New study reveals microplastics’ alarming journey from everyday items to human organs

The extensive reach of these particles beyond the gut and into critical body tissues, raises significant concerns particularly for the most vulnerable: Our children.

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Every day, unseen particles from the very containers and bottles we trust for our food and water are migrating into human bodies. The culprits—microplastics—are not just settling in our stomachs but are making their way into organs such as the brain, liver, and kidneys, posing potential health risks that are only now beginning to be understood. At the forefront of this alarming issue is new research from the University of New Mexico, which reveals the extensive reach of these particles beyond the gut and into critical body tissues, raising significant concerns particularly for the most vulnerable: Our children.

At the University of New Mexico, a team led by Dr. Eliseo Castillo, an associate professor in the Division of Gastroenterology & Hepatology, has been examining how these tiny invaders—often as small as a fraction of a millimeter—navigate through the body. Published in the journal Environmental Health Perspectives, their findings illustrate a troubling pathway from ingestion to the infiltration of organs vital for metabolic functions and cognitive health.

The researchers have traced microplastics from the digestive system into the liver, kidneys, and even the brain, demonstrating their ability to breach the gut barrier—a critical defense mechanism of the body. The study employed an animal model where mice were exposed to quantities of microplastics equivalent to what a human would typically ingest weekly through food and water.

The scale of microplastic consumption is startling. Scientists estimate that the average person ingests about 5 grams of microplastics each week—the equivalent weight of a credit card. Over a year, this adds up to over 250 grams, an unseen ingestion of synthetic materials that have no place in the human body.

The research does more than track the presence of these particles; it assesses their impact. “We could detect microplastics in certain tissues after the exposure,” Castillo reported. This infiltration disrupts metabolic pathways—processes crucial for breaking down nutrients, detoxifying the body, and producing energy. In children, whose bodies and brains are still developing, the long-term effects could be particularly severe.

While the immediate consequences of microplastic accumulation in organs might not be overtly noticeable, Castillo and his team have identified changes in the biochemical processes within these organs that suggest potential health risks. For instance, the liver, a key organ for detoxification and metabolism, shows altered functions when invaded by microplastics, which could disrupt its ability to manage toxins and drugs.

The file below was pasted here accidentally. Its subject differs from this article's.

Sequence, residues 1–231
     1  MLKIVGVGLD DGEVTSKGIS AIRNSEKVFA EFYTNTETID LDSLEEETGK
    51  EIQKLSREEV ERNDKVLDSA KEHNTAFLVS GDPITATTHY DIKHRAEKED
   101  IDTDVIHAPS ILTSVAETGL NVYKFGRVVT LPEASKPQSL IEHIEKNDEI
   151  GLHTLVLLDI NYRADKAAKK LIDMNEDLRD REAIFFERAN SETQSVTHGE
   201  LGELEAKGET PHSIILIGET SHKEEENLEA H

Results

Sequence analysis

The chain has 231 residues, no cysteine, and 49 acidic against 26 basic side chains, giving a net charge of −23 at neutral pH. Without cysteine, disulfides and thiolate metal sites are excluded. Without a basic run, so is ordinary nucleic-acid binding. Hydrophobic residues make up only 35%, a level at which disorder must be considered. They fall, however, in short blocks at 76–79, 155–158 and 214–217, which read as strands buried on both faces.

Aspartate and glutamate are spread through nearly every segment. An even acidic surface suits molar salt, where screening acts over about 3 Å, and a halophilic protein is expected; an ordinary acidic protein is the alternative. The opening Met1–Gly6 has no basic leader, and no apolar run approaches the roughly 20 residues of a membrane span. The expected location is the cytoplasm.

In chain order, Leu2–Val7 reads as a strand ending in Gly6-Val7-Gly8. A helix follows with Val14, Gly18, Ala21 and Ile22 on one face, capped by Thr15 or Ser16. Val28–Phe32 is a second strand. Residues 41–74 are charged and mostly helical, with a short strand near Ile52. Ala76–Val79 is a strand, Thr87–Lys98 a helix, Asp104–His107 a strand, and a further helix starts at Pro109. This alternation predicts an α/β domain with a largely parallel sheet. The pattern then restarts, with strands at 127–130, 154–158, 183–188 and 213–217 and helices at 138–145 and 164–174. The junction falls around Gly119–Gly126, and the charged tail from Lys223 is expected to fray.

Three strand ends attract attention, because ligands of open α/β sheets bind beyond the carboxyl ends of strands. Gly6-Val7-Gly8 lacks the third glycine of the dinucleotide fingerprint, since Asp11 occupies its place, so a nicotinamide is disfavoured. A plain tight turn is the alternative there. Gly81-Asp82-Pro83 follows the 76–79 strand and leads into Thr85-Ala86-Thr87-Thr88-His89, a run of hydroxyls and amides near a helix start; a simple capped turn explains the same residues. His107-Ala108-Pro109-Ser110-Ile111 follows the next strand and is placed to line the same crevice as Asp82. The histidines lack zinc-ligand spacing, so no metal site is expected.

Furthermore, the study highlights an inflammatory response triggered by microplastics in the body’s immune cells, specifically macrophages, which play a significant role in fighting infections. This inflammation can exacerbate conditions like ulcerative colitis and Crohn’s disease, and in children, could potentially affect their developmental health.

The next phase of Castillo’s research will delve deeper into dietary factors that might influence microplastic absorption. The team plans to explore how high-cholesterol or high-fiber diets impact the uptake of microplastics, aiming to provide more specific dietary recommendations for reducing exposure, especially in children.

Moreover, Castillo’s group is investigating the broader implications of microplastic exposure on gut health. The gut microbiome, a complex community of microbes essential for immune function, digestion, and even mental health, appears to be altered by microplastics. Understanding these changes is crucial, as Castillo notes, “If you don’t have a healthy gut, it affects the brain, it affects the liver and so many other tissues.”

This research paints a concerning picture of the pervasiveness and potential impact of microplastics on human health, especially in children, who may suffer lifelong consequences from exposure.

“At the end of the day, we’re trying to find out how this is impacting gut health,” says Dr. Castillo. “Research continues to show the importance of gut health.”

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